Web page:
Shortly after I arrived at St. John’s, we received a bill for plot upkeep from Elmwood.  No one in the office knew why.  Stopped by the cemetery and discovered that the plot for our first Rector, William Armitage, was entrusted to our care by the last living relative in the 1980s.  I also then discovered the monument to our parish founder, Henry Porter Baldwin (pictured here).  Since then I have become a member of the Historic Elmwood Cemetery Foundation which develops educational projects such as history tours, establishing the property as an arboretum, and restoring things such as the chapel (designed and built by the same firm that designed and built St. John’s).
One thing confounded me as I studied our burial register from those early years.  Those not buried at Elmwood were usually buried at the “City Cemetery”, but I could find no location for it.  I later discovered it was the pauper’s cemetery for those who could not afford a plot at Elmwood.  It was located where Eastern Market now operates.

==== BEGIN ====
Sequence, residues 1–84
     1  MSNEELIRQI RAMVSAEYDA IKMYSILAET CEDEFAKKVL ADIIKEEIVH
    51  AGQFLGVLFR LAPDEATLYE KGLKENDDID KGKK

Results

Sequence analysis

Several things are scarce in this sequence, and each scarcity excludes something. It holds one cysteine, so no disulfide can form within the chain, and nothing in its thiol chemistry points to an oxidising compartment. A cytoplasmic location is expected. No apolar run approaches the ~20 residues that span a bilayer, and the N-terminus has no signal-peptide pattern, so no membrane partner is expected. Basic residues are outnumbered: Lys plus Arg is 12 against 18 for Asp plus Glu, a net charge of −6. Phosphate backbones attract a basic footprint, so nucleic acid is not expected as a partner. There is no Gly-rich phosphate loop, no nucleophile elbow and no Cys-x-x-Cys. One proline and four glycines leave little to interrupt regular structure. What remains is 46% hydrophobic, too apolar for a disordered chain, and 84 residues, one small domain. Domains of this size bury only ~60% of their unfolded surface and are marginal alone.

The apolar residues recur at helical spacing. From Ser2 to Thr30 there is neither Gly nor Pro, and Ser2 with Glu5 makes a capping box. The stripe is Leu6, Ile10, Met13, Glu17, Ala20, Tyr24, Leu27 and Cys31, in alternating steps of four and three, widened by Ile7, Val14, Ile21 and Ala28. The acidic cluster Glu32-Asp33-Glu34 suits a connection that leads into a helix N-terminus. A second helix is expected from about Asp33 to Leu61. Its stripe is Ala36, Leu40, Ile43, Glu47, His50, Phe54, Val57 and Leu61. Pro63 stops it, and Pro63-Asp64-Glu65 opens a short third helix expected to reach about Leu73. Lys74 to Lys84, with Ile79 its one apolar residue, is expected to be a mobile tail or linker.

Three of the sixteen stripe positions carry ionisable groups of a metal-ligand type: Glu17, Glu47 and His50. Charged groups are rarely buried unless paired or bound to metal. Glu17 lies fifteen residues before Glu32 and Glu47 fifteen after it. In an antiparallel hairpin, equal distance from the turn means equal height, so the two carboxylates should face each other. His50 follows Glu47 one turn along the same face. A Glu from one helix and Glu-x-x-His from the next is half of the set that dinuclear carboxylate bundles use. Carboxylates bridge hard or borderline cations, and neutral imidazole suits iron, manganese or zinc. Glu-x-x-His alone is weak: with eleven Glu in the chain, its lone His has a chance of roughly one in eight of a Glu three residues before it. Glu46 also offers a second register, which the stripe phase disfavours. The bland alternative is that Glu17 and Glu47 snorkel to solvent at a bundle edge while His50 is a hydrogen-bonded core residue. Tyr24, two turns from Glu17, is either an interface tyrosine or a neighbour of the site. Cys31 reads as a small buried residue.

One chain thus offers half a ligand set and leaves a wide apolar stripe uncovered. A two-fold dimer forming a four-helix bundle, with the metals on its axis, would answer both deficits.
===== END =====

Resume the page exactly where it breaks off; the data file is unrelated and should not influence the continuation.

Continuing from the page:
From 1880 to 1882 over 4500 bodies were disinterred from that former burial spot and reinterred in common grave at Elmwood Cemetery.  What a wonderful irony that even those who could not afford Elmwood, were now buried there as well.
Death is a great equalizer.  Not all will have the grand monuments or the above-ground mausoleums of the wealthy, but at the General Resurrection, when the earth and the sea shall give up their dead (Book of Common Prayer, p. 333), it will not be how and where one is buried that will determine our eternal habitation, but our faith in Jesus Christ as our Lord and Saviour.